Debussy: Pelléas et Mélisande

Album title:
Debussy: Pelléas et Mélisande
Composer(s):
Claude Debussy
Works:
Pelléas et Mélisande
Performer:
Stéphane Degout, Elena Tsallagiva, Vincent Le Texier, Anne Sofie von Otter, Franz-Josef Selig, Julie Mathevet, Jérôme Varnier; Orchestre & Choeur de l'opéra National de Paris/Philippe Jordan; Robert Wilson
Label:
NAIVE
Catalogue Number:
DR2159
Performance:
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Recording:
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Reviewer:
BBC Music Magazine
Debussy: Pelléas et Mélisande

 

This is astonishing, though regrettably not for the right reasons. Any brand new DVD of Debussy’s Pelléas et Mélisande is an enticing prospect. When it is as strongly and evenly cast as this 2012 production of the composer’s masterpiece concerning a love triangle between Pelléas, Mélisande and Golaud, then expectations run high. Even if the staging is abysmal, the screen can be switched off leaving excellent, surround-sound audio.

In fact, there is a cold beauty to the clean lines and blue lighting of director Robert Wilson’s production. Unlike some, it does not work against the drama, but it is minimalist to the point of absurdity, so does not work with the drama. The characters’ slow movements and lack of contact recall Japanese Noh theatre, which is interesting, but simply uninvolving here. Golaud’s response to Mélisande’s initial ‘Don’t touch me’ should be ‘no chance’. Pelléas is literally far from enveloped by Mélisande’s trailing hair, standing unmoved on the other side of the stage, while their impassioned embrace is reduced to a polite handshake. It is also too simplistic to dress Pelléas and Mélisande in white and Golaud in black.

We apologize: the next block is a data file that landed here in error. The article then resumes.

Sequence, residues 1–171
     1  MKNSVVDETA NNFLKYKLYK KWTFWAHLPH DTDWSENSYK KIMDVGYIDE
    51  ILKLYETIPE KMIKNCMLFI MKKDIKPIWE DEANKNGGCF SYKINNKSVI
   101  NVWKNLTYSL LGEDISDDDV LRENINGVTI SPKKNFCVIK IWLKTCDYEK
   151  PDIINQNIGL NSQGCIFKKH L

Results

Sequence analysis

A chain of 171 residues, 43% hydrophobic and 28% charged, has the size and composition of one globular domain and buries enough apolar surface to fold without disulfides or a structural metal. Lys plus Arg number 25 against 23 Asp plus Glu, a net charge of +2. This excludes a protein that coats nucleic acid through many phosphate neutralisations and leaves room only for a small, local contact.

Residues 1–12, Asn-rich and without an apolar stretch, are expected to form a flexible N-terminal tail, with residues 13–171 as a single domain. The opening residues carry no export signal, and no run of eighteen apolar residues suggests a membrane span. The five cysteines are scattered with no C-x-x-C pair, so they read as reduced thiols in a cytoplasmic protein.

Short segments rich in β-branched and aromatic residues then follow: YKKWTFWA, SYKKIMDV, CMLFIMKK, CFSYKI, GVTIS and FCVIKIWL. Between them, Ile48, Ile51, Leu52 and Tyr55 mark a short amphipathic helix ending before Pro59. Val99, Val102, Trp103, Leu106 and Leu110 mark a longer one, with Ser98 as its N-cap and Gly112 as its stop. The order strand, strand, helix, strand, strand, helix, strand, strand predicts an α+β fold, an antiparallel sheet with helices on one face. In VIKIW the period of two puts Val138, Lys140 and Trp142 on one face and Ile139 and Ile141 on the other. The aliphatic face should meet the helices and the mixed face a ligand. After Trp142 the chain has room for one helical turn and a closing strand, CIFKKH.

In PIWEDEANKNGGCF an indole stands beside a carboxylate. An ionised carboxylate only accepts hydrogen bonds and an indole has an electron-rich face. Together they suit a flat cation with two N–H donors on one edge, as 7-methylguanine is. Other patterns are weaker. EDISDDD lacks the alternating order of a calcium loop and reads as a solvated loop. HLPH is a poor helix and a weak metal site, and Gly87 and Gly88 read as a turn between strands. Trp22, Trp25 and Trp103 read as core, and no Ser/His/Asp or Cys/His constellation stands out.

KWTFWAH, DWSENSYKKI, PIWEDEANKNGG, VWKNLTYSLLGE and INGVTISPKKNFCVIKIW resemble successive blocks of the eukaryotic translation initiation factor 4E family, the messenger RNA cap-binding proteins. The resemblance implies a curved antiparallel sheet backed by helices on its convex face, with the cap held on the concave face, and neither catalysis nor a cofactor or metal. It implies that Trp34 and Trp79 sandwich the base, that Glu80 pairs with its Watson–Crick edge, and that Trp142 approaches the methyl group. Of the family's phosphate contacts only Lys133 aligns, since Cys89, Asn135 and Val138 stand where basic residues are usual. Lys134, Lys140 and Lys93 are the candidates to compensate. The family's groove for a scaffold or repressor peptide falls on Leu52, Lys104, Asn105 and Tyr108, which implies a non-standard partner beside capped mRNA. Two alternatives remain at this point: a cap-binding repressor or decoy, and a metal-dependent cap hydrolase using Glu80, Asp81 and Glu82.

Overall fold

So, in short, Wilson’s production misfires. But even those who are taken by it will still be frustrated, for the picture is repeatedly fuzzy, like a worn VHS recording from the 1980s. So how about simply switching one’s attention away from the visuals and concentrating just on the audio to enjoy the excellent cast and fine orchestral pacing? No joy here either, alas. Far from it, in fact. The biggest problem is not that it is mono (yes, mono), but that it distorts so frequently at relatively low levels. Behind the slick facade, this is a shoddy product.

Christopher Dingle